Journal of Minimally Invasive Surgery 2020; 23(1): 3-4
Postoperative Shoulder Pain after Laparoscopic Surgery
Sun Jin Park, M.D., Ph.D.
Department of Surgery, Kyung Hee University College of Medicine, Seoul, Korea
Correspondence to: Sun Jin Park Department of Surgery, Kyung Hee University Hospital, 26 Kyungheedaero 23, Dongdaemun-gu, Seoul 02447, Korea Tel: +82-2-958-8241 Fax: +82-2-966-9366 E-mail: ORCID:
Received: February 21, 2020; Revised: February 25, 2020; Accepted: February 26, 2020; Published online: March 15, 2020.
© The Korean Society of Endo-Laparoscopic & Robotic Surgery.

cc This is an Open Access article distributed under the terms of the Creative Commons Attribution Non-Commercial License ( which permits unrestricted non-commercial use, distribution, and reproduction in any medium, provided the original work is properly cited.
We often encounter patients complaining of shoulder pain after laparoscopic surgery. The pain mechanism is believed to be due to the diaphragmatic overstretching under pressure in a pneumoperitoneum, which causes referred pain to the shoulder, but the exact mechanism has not been clarified.
Keywords: Laparoscopy, Surgery, Shoulder pain, Postoperative pain, Appendectomy

We often encounter patients complaining of shoulder pain after laparoscopic surgery in clinical practice. The authors conducted a prospective study with curiosities about the clinical situation of shoulder pain after laparoscopic appendectomy.1 As a result of a multivariate analysis, low body weight was suggested as the only risk factor of shoulder pain in their study. Actually, we experience many lowweight patients with shoulder pain after laparoscopic surgery. Despite an interesting clinical situation, there were some questions in this study. We did not know what the incidence of shoulder pain was in this study. It would be appropriate to compare patients with and without shoulder pain. Instead, they divided patients into two groups based on the pain score of 4. They defined a visual analogue score (VAS) of 4 as the minimum pain points as it was reported that VAS scores of 3.5 to 6.4 implied moderate pain in a study.2 A receiver operating characteristic (ROC) curve is frequently used to choose the most appropriate cutoff for a test. It would have been better if a threshold pain score was determined first after ROC analysis and then univariate and multivariate analysis were performed.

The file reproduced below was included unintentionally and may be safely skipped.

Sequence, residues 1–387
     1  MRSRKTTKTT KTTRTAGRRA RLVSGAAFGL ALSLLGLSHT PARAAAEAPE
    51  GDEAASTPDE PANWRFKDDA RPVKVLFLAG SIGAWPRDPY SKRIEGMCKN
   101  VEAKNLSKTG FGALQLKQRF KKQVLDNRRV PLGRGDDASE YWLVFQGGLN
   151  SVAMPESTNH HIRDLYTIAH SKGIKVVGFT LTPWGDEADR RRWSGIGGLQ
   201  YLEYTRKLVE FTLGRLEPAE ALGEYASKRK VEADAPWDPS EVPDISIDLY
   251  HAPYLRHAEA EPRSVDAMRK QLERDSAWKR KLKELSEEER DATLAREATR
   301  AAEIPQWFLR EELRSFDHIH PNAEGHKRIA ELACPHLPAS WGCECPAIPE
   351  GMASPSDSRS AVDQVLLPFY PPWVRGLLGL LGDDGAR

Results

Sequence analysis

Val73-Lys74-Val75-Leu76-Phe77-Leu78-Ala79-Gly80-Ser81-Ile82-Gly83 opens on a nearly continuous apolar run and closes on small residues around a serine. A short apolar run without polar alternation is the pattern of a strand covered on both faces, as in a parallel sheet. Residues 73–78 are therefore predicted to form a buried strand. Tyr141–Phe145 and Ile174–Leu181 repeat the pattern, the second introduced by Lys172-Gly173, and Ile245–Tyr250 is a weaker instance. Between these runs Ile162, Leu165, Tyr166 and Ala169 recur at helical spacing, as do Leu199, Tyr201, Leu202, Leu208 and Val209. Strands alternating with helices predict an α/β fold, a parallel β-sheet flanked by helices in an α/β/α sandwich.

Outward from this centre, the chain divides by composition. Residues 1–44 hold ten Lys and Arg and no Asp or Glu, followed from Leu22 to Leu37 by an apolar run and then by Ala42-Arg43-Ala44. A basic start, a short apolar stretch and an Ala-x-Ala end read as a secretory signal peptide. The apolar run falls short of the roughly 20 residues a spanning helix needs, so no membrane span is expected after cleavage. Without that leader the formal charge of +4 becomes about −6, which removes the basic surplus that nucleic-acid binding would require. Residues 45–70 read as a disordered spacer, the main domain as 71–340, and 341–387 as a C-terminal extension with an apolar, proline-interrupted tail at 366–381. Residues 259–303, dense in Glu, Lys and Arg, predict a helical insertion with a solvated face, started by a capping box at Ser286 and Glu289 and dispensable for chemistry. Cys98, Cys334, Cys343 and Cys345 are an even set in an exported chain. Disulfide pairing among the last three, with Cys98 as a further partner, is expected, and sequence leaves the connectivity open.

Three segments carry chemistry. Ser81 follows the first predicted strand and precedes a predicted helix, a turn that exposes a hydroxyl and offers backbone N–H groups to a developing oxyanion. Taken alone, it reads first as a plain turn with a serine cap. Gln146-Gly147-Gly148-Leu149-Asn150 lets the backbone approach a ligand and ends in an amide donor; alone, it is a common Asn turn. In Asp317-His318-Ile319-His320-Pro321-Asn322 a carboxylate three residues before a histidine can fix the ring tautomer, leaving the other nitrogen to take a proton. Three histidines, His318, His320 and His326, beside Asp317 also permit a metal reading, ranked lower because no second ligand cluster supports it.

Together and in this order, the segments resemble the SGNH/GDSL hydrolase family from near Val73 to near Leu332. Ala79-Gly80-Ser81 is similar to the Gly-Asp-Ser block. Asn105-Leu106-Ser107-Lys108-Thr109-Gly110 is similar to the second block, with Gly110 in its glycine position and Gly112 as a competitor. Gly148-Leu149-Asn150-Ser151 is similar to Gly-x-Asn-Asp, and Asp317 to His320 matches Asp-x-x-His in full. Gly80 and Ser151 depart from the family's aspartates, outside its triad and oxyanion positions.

The incidence of shoulder pain was reported by 63% after laparoscopic cholecystectomy,3 66% after laparoscopic gastric band surgery,4 and 83% after gynecological laparoscopic surgery.5 Although the exact mechanism of shoulder pain after laparoscopic surgery has not been clarified, a leading hypothesis is that excessive stretching of the diaphragm due to the pressure of a pneumoperitoneum, which results in phrenic nervemediated referred pain to the shoulder.68 Shin et al.9 evaluated whether mechanical ventilation with a low tidal volume (LTV, 7 ml/kg) might reduce shoulder pain in patients undergoing laparoscopic appendectomy compared with ventilation with the traditional tidal volume (TTV, 10 ml/kg). However, the overall incidence of shoulder pain was similar in both groups (57.1% in LTV group vs. 65.5% in TTV group). The pain score did not decrease in the LTV group compared with the TTV group. They concluded that mechanical ventilation with a LTV of 7 ml/kg does not reduce the frequency and severity of shoulder pain after laparoscopic appendectomy compared with ventilation with a TTV of 10 ml/kg. A randomized controlled trial with 116 patients demonstrated that shoulder pain as well as postoperative nausea and vomiting was effectively reduced by a simple clinical maneuver of removing residual intraabdominal carbon dioxide before closing the laparoscopic wounds.5







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